Where were Jake Boyce and Ross Fraboni skiing on Wednesday? Judging by the picture of the two of them peering up into the sky with nothing but snow and ice behind them, the Arctic Circle may be a good guess, but nowhere close to where they actually were.
Boyce and Fraboni, both of Duluth, skied about 15 miles across Lake Superior on Wednesday from the mouth of Amnicon River to the mouth of French River. It took them about three hours to make it across.
"It was really slow snow," Fraboni said. It was wind blown, drifted and sticky. If you had the right wax on your skies it might be a little quicker, but we weren't that picky. We just wanted to do it."
When asked what made them decide to ski across the biggest freshwater lake in the world, both said they just wanted to do it.
"After that wind storm we got this weekend, we knew we had to do it this because we may never get to do it again," Fraboni said. "So we just picked a point and Amnicon looked good and we just went due north from Amnicon until we hit the French River."
Fraboni said he and Boyce had gone out skiing on Lake Superior last week with their families and dogs, but didn't go more than 5 miles out. That kind of sparked the conversation between them about skiing all the way across, and it was spectacular.
"It was pretty spectacular being 7 miles from the shore," Boyce said. "It was a pretty cool experience and it's totally different out there. It was just empty."
Fraboni decided it as "absolutely beautiful."
"That's our mountain here," he said. "I've stood on top of other mountains but in my mind, (Lake Superior) is one of the coolest 'mountains' in the world."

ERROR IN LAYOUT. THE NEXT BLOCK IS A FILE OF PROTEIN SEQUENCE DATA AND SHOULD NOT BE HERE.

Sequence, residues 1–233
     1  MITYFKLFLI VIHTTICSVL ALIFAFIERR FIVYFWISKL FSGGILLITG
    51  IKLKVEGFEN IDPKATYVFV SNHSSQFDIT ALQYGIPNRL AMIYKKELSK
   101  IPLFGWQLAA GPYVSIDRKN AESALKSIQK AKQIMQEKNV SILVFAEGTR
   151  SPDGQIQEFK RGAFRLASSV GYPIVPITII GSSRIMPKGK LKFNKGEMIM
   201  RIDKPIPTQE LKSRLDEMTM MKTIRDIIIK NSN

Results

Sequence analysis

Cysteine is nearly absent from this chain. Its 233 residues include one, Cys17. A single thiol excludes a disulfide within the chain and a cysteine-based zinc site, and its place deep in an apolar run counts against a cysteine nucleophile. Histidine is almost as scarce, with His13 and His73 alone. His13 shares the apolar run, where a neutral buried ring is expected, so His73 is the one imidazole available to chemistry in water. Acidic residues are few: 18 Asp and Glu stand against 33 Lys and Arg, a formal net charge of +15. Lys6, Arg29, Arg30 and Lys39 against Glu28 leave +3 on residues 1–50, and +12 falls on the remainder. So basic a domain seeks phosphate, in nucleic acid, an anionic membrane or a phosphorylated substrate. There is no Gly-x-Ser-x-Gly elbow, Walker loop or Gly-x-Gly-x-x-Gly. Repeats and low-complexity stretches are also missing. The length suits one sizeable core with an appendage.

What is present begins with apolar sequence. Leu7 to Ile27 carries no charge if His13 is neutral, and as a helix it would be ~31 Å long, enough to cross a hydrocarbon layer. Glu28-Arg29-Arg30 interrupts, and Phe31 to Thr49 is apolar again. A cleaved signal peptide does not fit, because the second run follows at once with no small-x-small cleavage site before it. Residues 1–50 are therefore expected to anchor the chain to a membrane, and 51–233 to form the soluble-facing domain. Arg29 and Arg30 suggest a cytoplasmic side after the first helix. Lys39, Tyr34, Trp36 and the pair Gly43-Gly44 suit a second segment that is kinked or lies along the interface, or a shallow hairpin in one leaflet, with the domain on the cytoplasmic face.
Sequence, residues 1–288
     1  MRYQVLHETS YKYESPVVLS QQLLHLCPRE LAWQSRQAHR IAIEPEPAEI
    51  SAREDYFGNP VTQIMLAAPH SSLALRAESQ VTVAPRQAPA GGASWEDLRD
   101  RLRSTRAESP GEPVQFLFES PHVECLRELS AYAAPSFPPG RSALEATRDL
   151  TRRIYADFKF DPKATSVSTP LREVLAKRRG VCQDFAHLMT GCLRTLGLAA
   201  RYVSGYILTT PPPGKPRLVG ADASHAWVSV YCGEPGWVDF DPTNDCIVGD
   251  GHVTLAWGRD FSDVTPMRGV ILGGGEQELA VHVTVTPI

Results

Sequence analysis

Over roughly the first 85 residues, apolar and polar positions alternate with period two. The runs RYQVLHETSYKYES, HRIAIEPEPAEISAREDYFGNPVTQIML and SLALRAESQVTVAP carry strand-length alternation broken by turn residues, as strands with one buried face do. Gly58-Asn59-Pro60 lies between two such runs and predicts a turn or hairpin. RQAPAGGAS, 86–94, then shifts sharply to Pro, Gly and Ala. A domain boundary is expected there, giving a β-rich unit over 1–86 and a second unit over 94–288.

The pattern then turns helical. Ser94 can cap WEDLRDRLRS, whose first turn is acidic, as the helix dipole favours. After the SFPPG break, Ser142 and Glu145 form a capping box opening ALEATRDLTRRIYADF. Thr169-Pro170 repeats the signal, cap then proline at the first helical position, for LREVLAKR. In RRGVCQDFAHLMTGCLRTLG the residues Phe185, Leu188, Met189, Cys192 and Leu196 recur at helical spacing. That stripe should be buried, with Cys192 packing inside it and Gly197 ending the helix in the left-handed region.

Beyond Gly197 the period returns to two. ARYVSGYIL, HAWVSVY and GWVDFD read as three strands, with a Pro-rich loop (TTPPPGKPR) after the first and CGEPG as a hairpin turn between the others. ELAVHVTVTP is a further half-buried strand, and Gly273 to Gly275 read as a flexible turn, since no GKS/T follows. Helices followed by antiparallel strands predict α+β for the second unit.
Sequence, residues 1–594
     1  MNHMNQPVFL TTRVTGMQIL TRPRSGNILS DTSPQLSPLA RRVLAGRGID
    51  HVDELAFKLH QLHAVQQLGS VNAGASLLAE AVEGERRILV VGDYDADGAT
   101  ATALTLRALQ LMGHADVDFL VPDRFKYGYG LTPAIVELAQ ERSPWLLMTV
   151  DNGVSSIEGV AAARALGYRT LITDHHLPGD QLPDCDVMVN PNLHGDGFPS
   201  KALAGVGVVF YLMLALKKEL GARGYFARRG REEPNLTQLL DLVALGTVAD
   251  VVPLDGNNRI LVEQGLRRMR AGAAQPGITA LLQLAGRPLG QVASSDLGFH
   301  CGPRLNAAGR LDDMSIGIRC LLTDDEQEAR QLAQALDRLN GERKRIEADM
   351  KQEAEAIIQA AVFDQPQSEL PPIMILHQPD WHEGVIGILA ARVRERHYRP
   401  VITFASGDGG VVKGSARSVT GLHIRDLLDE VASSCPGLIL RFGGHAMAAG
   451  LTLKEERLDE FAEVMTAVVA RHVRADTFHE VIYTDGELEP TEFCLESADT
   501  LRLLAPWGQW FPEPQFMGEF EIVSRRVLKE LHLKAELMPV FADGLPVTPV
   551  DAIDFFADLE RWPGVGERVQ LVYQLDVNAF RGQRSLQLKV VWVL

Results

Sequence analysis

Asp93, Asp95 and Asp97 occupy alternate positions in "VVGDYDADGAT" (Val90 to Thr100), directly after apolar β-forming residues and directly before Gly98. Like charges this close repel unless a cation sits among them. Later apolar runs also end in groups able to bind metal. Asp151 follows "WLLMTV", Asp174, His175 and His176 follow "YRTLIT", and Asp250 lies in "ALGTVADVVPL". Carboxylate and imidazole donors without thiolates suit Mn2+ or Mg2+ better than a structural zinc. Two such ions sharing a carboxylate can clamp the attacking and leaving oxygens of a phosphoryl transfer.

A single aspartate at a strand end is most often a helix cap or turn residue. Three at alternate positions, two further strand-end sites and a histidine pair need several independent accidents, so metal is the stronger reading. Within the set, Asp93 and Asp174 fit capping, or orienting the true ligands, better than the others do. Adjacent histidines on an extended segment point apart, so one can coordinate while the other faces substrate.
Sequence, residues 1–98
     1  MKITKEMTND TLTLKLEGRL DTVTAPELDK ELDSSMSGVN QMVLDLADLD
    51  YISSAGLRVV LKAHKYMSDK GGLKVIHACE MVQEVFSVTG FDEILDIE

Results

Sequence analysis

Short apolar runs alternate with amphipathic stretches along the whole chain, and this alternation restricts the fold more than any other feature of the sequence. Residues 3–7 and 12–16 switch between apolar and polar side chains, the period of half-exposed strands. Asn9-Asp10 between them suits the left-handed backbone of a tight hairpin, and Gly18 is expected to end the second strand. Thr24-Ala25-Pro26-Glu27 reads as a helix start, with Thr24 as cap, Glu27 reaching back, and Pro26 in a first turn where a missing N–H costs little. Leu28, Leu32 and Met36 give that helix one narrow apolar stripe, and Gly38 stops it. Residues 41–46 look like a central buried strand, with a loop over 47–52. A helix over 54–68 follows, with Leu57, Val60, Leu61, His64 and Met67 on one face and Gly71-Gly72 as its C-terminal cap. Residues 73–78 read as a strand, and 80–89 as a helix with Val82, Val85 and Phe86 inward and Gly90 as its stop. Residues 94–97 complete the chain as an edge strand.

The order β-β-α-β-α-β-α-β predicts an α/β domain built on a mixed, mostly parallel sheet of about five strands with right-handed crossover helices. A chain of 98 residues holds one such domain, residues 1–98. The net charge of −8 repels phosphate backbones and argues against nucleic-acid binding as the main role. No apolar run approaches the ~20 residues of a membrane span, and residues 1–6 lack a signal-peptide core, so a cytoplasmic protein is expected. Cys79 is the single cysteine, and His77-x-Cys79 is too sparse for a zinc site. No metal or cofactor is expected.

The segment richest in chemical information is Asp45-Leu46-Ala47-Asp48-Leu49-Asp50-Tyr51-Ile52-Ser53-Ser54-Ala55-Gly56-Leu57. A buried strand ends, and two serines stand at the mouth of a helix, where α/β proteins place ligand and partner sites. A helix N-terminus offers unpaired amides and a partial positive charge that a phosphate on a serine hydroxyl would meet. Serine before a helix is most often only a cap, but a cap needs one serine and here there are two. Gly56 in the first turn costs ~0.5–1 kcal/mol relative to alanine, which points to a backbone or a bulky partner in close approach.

Boyce said when they left Wisconsin around 6:45 a.m. Wednesday it was cloudy and difficult to see.
"So it was kind of fun just navigating by compass for just a little bit," Boyce said. "Then the sun came out and the clouds cleared and it was nice and bright and you could see everything for miles and miles."
Boyce said they were lucky and didn't have any difficulties while skiing across the lake. He said it was extremely smooth and there were no problems.
"It was a pretty ideal day for it," Boyce said. "It was nice and clear the whole time. There was a good forecast so we didn't have to worry about being stuck out there."
But just because it was a nice day out, that doesn't mean Boyce and Fraboni weren't prepared for the worst.
"We had throw ropes, ice picks and a wetsuit just in case one of us fell in. It is ice, so it's never 100 percent safe," Boyce said. "We were prepared and not taking any unnecessary risks. Anytime you're on ice it's risky, so you just have to be prepared."
They also had compasses and GPS, just in case things took a turn for the worse.
"Because you are miles from shore if it gets cloudy and snowy and you can't see, you could very, very easily get turned around," Boyce said.
Boyce and Fraboni studied satellite pictures of Lake Superior before heading out, to make sure they were taking a safe route. Thankfully, nothing bad happened and the day just turned into a great story and a memory to last a lifetime.
"It's not very often that you have a chance to go out at all on Lake Superior away from shore unless you're on a boat," Boyce said. "It was just a very unique experience being way out in the middle with nothing around you but ice and snow."